Coneybeares keep butcher business in family
By Sue Tiffin
Published Dec. 24, 2018
On April 2, 1946, Morgan Prentice purchased a sirloin steak for 60 cents, and some beef for $1.10, from Harry Easton, butcher, according to yellowing receipts that are now more than 70 years old.
The price of meat is quite different nowadays and Coneybeare’s Butcher Shop, the shop behind Minden’s main street, serves the public from an addition on the original building.
But Harry Easton would likely be proud to know the business he started after arriving to the area from England in the 1940s is not just still standing in the same place, but thriving as it changes hands from his great grandson Chris Coneybeare to his great, great granddaughter, Chris’s daughter Lily.
Chris has changed too, looking a bit different than his 1980s self, when he returned from college in Toronto to help his dad, Al (Cub) Coneybeare and grandfather Bill Coneybeare. Thirty-two years later, he’s ready to retire alongside his wife, retired teacher Michele, and pass the business to the next generation – the fifth generation to own the butcher shop.
Harry owned the main street space as well as a slaughterhouse that was on what is now known as Colonial Road off of South Lake Road.
In those early days, beef would be picked up off the train in Gelert, taken to the slaughterhouse for preparation and then to the downtown shop to be sold.
His two sons, Lance Easton and Bill Coneybeare, learned from Harry.
Eventually the business was taken from a butcher shop to a full-fledged store, known as the Minden Red and White, which was opened in the 1950s for almost 30 years. After Easton’s Valumart opened on the highway, Chris’s dad Al kept the butcher shop open with main street frontage while severing the building to house a Beckers in the ’80s.
“I came back [from Toronto] and learned from my dad and my grandfather how to cut meat,” said Chris. “I’ve never had any formal training or anything. It’s all been passed down over generations.”
It was Chris who added the addition on to the back of the building, where Coneybeare’s remains a busy place with a famous reputation for quality meat.
“When I first started before I had this addition back here, this room, it was just sort of my grandfather and I cutting farmers’ beef, and cutting deer and moose and all of that kind of stuff, and wholesale orders to restaurants and stuff like that,” said Chris. “Then I decided to put in the retail space. But, just spending time with my grandfather, he’s wrapping, I’m cutting, he’s wrapping, I’m cutting ... [those are] memories I’ll always have.”
Now, he’s having those same experiences with his daughter, Lily, the fifth generation in their family to be involved in the business.
After earning a degree in chemistry, Lily was working as head brewer at Boshkung Brewing Co. when her dad began to discuss his retirement and a succession plan.
"This opportunity opened up and I figured if I’m working for a small business I might as well be working for my own,” she said. Though perhaps the role is one that’s not traditional for women, that doesn’t matter much to Lily.
“I’ve never been shy to work hard or shy to do any task, so I’m just jumping in,” she said.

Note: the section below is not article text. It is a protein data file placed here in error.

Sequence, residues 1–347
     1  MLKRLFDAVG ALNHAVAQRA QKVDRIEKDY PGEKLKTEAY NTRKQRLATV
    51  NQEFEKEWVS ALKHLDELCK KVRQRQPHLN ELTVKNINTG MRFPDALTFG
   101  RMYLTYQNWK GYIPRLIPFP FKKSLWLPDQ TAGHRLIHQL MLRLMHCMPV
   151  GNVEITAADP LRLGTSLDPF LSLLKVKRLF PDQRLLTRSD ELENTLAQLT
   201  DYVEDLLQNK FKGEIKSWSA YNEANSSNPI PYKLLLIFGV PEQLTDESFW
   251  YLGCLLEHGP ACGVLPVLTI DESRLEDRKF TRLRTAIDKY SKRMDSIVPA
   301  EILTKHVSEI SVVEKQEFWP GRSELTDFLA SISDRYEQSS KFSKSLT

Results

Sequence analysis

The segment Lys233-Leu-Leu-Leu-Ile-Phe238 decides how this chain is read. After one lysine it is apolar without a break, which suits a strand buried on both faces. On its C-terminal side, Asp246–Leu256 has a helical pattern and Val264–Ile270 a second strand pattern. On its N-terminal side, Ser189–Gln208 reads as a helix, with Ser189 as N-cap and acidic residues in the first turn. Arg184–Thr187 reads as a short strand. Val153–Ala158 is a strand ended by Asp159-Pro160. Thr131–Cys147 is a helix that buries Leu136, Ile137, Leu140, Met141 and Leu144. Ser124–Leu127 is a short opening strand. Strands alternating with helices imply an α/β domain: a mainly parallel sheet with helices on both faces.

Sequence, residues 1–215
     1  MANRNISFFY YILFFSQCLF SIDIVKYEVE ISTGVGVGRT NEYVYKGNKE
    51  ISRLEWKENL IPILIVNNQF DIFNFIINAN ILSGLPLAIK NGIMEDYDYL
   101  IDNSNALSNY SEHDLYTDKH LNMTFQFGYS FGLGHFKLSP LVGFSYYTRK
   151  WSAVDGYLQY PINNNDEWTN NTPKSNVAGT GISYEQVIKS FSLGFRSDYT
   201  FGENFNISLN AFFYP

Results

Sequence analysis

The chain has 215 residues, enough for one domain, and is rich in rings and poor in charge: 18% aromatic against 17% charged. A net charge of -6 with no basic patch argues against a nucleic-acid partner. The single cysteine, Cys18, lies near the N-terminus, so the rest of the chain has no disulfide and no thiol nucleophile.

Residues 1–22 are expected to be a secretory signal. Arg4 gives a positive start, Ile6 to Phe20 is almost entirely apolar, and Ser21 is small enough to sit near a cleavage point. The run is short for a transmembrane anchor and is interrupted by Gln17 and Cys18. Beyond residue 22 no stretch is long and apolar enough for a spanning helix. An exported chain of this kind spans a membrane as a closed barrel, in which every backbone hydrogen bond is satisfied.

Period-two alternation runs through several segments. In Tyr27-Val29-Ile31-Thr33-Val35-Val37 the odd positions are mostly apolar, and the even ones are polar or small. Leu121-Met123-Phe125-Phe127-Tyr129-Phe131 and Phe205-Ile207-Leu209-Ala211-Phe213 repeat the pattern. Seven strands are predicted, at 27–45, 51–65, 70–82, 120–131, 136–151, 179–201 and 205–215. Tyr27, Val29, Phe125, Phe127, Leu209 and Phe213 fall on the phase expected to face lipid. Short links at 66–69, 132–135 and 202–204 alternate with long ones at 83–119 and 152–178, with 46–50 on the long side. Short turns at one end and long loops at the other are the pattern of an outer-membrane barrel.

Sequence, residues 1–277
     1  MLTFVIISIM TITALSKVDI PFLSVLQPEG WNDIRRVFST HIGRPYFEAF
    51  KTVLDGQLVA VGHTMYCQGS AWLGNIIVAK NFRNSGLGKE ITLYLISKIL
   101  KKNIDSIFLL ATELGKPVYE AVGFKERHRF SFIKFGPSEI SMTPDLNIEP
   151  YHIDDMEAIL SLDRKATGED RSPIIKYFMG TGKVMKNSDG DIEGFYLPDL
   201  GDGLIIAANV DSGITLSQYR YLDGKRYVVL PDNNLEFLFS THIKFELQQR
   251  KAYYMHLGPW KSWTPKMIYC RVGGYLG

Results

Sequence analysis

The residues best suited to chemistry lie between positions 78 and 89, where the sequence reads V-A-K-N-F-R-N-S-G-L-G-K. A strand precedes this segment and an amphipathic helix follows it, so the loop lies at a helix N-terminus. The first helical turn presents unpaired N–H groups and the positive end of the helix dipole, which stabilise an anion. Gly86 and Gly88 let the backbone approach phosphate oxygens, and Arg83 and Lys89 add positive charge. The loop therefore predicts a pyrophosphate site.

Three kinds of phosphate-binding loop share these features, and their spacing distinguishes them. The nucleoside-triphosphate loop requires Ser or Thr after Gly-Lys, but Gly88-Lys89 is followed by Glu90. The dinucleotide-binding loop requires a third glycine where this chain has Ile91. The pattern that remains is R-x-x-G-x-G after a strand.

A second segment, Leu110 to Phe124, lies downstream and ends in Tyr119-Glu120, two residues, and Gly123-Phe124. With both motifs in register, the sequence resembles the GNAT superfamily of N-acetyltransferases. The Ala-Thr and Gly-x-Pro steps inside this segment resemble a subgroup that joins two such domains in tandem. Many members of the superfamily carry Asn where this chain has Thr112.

Lily said she didn’t ever feel any pressure to take the butcher shop on, but had always been interested in the family’s business.
“I just know I love the area, and I know I love to live here, and I never wanted the business to leave the family, that was always very important to me, that it stay within our name,” she said. “Just, the generational thing. The trade itself is something that’s maybe not dying, but there’s not a lot of skilled butchers anymore, maybe. So I just thought, I wanted to learn the skill, and I wanted to know everything that my dad knows eventually and can carry it on.”
“I think it’s really cool that we’re carrying on the name,” she said. “It’s such a small town feel because even since I’ve started working here, so many people know me by name now already, just because I’m here. At first when I was started I was worried, because you’re worried that when you have a business, that it won’t carry on, because my dad is the face of the business. But people have pretty well accepted, I think because I’m family, that I’m the next generation and I’m going to do the same thing that he’s done, keep the quality the same and everything.”
Lily said she’s interested in the idea of craft butcher shops as well, noting that some shops in the city do dry aging and specialty work.
“I just like that it’s a small business and you can kind of take it where you want to take it,” she said. “We don’t do anything like that right now, but there’s definitely lots of room to play around and make it your own.”
As for the shop, Lily is not making any drastic changes to the store, but has added a few unique touches inside.
“A few small changes ... I’ve got ideas,” she laughed, alongside her dad. “I just wait until he travels and then I start putting pictures up and painting, adding my own touch to it for sure.”
Coneybeare’s Butcher Shop is developing an online presence with a new website and social media pages, which Lily laughed brings the shop, “into the 21st century.”
Like many businesses in the county, Chris said learning how to live with the seasonal highs and lows can be a challenge, but the butcher shop has endured.
“It’s been good,” he said. “It’s like any business in Haliburton, you work your butt off in the summer, and in the winter you can go a lot easier. It’s very self-rewarding in the summertime when people are lined up out the door, it’s really hectic and crazy. Well, we’re doing something right, you know?